How Democrats in the House plan to turn speech into reality

How Democrats in the House plan to turn speech into reality

Democratic resistance to President Trump is going to shift from rhetoric to reality in the wake of the midterm results.

With Democrats set to take control of the House of Representatives next year, Trump will suddenly find himself vulnerable to congressional investigations and hearings on everything from his relationship with Russia to his personal finances.

Nancy Pelosi, the previous and presumptive new House speaker, vowed Wednesday that her party would bring “accountability” to a variety of presidential policies, including the separation of migrant families detained at the Mexican border.

“We want to look into that and we would hope that we could do so by simply having oversight. If, in fact, it requires a subpoena, I hope not, but so be it,” she said.

Key House committees are likely to wind up in the hands of some of Trump’s harshest critics, including Maryland Rep. Elijah Cummings, who’s vowed wide-ranging investigations of the administration if he becomes chairman of the House Oversight and Government Reform Committee.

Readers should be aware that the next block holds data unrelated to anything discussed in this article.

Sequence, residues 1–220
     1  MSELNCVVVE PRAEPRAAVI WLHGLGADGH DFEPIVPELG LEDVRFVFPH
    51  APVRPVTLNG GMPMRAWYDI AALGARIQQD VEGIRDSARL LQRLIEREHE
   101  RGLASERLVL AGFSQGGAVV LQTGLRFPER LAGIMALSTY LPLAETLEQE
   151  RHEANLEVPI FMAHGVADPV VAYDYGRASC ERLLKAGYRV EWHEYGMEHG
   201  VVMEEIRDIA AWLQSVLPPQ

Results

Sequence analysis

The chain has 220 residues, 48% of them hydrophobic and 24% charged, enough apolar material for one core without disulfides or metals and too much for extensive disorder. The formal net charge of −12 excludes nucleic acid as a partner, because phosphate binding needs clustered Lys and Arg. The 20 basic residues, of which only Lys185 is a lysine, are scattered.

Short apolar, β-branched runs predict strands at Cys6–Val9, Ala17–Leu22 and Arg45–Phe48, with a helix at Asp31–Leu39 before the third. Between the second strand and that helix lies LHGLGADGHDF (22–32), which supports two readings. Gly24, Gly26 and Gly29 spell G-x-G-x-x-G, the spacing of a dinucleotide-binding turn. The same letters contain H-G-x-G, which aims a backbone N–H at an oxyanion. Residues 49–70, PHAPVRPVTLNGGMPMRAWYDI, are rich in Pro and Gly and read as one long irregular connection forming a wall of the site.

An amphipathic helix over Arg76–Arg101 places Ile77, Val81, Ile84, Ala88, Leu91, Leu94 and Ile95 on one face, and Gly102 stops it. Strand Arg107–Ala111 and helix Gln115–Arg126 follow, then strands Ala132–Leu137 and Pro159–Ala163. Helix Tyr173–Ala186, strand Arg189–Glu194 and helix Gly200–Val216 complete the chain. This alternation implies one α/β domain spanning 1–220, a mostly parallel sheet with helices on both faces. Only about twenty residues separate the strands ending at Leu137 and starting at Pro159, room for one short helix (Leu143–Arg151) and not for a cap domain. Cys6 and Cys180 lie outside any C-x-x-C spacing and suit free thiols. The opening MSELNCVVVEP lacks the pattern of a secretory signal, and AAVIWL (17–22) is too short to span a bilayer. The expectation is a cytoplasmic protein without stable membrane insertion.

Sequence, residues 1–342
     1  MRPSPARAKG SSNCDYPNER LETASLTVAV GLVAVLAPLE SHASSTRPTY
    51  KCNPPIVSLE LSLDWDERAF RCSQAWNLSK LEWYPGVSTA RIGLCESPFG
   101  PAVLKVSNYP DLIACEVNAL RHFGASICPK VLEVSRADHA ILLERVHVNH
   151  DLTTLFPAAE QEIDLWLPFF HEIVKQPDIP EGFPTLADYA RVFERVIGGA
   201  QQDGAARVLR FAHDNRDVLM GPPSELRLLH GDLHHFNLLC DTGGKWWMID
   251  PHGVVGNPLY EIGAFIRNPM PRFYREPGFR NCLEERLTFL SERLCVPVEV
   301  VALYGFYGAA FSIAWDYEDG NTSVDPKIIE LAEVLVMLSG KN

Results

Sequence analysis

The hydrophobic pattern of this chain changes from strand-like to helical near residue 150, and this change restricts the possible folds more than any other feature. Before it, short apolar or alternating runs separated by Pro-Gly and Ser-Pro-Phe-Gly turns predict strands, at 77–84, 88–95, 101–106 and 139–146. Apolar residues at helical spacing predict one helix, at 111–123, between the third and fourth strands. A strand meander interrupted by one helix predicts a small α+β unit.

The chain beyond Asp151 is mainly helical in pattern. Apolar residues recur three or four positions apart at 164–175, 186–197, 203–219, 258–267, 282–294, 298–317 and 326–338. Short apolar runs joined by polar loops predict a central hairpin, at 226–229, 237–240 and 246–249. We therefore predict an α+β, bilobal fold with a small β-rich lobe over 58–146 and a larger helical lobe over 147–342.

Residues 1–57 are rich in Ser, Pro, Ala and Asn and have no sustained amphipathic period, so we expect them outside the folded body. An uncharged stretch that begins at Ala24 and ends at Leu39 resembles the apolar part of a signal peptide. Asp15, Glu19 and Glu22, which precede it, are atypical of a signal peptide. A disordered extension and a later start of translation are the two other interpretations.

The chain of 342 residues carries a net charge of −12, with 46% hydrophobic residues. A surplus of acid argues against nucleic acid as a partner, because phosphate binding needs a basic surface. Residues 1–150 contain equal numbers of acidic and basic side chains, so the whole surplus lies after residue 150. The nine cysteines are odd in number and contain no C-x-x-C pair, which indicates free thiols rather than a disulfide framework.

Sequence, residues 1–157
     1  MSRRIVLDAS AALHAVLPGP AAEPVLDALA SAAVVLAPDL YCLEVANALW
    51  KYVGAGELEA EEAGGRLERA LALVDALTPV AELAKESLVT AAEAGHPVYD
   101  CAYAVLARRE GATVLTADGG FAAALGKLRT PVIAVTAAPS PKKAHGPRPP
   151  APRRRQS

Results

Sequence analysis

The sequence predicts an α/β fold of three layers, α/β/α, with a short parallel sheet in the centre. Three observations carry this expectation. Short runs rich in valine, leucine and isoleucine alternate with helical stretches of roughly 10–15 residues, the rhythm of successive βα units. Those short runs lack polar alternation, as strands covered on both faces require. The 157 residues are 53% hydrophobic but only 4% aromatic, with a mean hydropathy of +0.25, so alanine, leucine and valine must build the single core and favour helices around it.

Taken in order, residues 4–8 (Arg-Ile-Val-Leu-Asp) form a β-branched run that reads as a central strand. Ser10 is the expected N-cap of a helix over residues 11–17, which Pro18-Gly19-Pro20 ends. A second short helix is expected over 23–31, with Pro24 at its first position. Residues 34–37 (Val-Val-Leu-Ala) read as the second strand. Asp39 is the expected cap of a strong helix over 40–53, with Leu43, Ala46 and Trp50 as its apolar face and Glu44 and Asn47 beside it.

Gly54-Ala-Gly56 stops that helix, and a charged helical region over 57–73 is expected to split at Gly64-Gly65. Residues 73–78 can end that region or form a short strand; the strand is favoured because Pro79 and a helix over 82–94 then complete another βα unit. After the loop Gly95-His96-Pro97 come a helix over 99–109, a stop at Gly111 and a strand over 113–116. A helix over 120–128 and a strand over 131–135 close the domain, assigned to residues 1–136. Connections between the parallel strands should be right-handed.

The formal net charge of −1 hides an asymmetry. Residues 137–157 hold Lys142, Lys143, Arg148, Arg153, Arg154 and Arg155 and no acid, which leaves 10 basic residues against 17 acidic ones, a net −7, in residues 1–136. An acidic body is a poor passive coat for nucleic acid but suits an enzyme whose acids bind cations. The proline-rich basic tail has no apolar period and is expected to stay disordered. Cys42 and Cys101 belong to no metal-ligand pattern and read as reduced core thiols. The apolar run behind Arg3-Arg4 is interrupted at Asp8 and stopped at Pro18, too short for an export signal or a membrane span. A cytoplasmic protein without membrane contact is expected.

Other Democrats poised to give Trump fits include California Rep. Adam Schiff, who’s set to take over the Intelligence Committee, which in April issued a report that cleared Trump and his associates of colluding with Russia during the 2016 presidential election.

On Tuesday night, Schiff told MSNBC that he planned “to look at the work that the GOP obstructed on our committee,” accusing Republicans of being “complicit in the president’s attacks on the independence of the Justice Department, on the men and women of the FBI, on our intelligence community.”

California Rep. Eric Swalwell, said Wednesday Democrats would use their new power to get copies of Trump’s tax returns.

“The American people will see his tax returns, not because of any voyeuristic interest but because they should know if he’s corrupt,” Swalwell told NBC’s “Today” show.

But liberals hell-bent on seeing Trump impeached may wind up disappointed, with New York Rep. Jerrold Nadler, the likely chairman of the Judiciary Committee, telling CNN that it’s “way too early” to consider that move.

For his part, Trump warned that he’d assume a “war-like posture” if House Democrats started slapping his administration with subpoenas.

“They can play that game, but we can play it better,” Trump said.